Early Learning

Transitional kindergarten expansion, early education not included in governor's budget proposal


A handwritten sign welcomes students to their transitional kindergarten classroom in Long Beach. Credit: Lillian Mongeau, EdSource

A handwritten sign welcomes students to their transitional kindergarten classroom in Long Beach. Credit: Lillian Mongeau, EdSource

While Democratic leaders in both houses of the state Legislature have cited expanding transitional kindergarten as a top priority in the coming year, Gov. Jerry Brown’s proposed 2014-2015 budget did not mention the program – or include additional funding for early education of any kind.

“The budget speaks for itself,” Brown said in response to questions about the transitional kindergarten expansion at a news conference Thursday. “Wisdom and prudence (are) the order of the day. When you see this kind of (debt) liability (in the general fund) you have to hesitate before doing anything too major.”

Assembly Democrats called for expanding transitional kindergarten to all California 4-year-olds in their budget blueprint for 2014-15; Senate Democrats, led by Senate President pro Tempore Darrell Steinberg, D-Sacramento, introduced a bill earlier this week echoing that proposal.

Offering transitional kindergarten to all 4-year-olds would effectively create a universal preschool program in the state; the pre-kindergarten grade is now only available to children who turn 5 during the first three months of the school year – only about one-quarter of California 4-year-olds. Lawmakers in both houses called expanding transitional kindergarten a “top priority” for the coming term.

The transitional kindergarten expansion would cost $198 million in 2015-2016 and would top out at $990 million in 2019-2020, when the program is fully implemented, according to the transitional kindergarten bill, Senate Bill 837. While money for the program needn’t be allocated in this year’s budget, bill proponents were hoping for a long-term commitment from the governor to fund a transitional kindergarten expansion.

Steinberg praised the governor’s fiscal prudence, but said it is time to consider new expenditures that would contribute to the state’s welfare.

“Expanding transitional kindergarten can be accomplished with just a fraction of increased Proposition 98 funds while saving billions of dollars in the long run by reducing the extra costs of special education, grade retention and juvenile crime,” Steinberg said in a statement. Brown’s budget proposal calls for an additional $10 billion for schools in 2014-15 under Prop. 98, the voter-approved school funding guarantee.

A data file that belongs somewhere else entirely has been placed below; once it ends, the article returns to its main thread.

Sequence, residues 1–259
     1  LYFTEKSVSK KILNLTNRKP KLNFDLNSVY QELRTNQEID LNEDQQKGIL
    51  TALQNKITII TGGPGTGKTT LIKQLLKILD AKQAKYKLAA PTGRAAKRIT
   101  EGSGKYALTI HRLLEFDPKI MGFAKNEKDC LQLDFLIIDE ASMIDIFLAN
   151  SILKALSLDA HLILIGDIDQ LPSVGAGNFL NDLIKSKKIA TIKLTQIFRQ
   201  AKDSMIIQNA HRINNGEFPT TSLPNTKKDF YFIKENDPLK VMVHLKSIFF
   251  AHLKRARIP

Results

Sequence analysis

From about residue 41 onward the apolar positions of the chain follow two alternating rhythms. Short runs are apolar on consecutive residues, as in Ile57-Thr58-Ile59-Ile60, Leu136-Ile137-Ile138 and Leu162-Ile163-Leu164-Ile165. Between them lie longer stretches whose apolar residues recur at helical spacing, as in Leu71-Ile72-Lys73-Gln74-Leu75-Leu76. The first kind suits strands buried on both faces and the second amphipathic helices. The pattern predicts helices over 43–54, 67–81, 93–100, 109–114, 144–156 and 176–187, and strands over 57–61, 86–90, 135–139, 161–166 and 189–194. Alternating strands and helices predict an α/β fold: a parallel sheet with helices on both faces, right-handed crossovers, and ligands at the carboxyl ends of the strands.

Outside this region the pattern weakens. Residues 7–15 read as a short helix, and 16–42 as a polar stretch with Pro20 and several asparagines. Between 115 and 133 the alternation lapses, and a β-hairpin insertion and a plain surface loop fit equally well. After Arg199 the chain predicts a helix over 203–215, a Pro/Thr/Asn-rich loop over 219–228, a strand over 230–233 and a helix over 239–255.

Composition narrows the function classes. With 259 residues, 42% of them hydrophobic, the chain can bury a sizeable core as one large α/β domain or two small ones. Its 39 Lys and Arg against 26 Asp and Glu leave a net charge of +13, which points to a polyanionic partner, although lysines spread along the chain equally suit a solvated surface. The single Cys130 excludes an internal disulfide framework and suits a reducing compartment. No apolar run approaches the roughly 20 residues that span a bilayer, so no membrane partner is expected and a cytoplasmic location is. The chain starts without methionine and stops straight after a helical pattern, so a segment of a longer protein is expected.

Calling Thursday’s budget release the “first act in a four act drama” before a state spending plan is approved, Steinberg told reporters that he and his colleagues hope that passing the Kindergarten Readiness Act of 2014 would become the Senate’s “signature accomplishment” in 2014.

Advocates have criticized Brown for a lack of support of early education during his tenure, even as he has ushered in reforms  restoring funding for K-12 programs. Advocates of the transitional kindergarten expansion said they will continue to lobby for the program. Assemblyman Al Muratsuchi, D-Torrance, chair of the Assembly Budget Subcommittee on Education Finance, said he plans to hold legislative hearings on the merits of investing in early education programs, including transitional kindergarten, this spring.

“I will remain optimistic that we can educate the governor on the merits of early childhood education programs,” Muratsuchi said.

Sen. Holly Mitchell, D-Los Angeles, was blunter in her assessment of the governor’s silence on early education. Chair of the Black Causcus and a supporter of Steinberg’s bill, Mitchell called for the cuts to early education programs – nearly $1 billion between 2008 and 2012 – to be restored. The governor has reinstated $55 million of those cuts.

“The governor missed a key opportunity to reinvest in our early care and education system,” Mitchell told EdSource.

However, even a supporter of the Senate bill praised Brown’s reticence to wholly embrace universal transitional kindergarten.

Chris Steinhauser, superintendent of the Long Beach Unified School District and an early education advocate, said Brown was smart not to commit to new spending that could put money from the state’s Local Control Funding Formula for schools at risk. The funding formula provides additional money to districts with high concentrations of low-income students; Long Beach Unified School District is set to receive an additional $60 million in the new budget, Steinhauser said.

“I’m a fiscal conservative,” Steinhauser said. “I would not want to do this (if it would) reduce the Local Control Funding Formula allocation” to Long Beach.

Transitional kindergarten can help students succeed in school, which is important to Brown, Steinhauser said. He’s optimistic that Brown will carefully consider the Senate and Assembly proposals.

“I don’t think (Brown) will shut the door on it,” Steinhauser said. “He’ll want to study it and look at it. He does believe in investment in kids and in closing the (achievement) gap.”

Lillian Mongeau covers early childhood education. Contact her or follow her @lrmongeau. Subscribe to EdSource’s Early Learning RSS feed.

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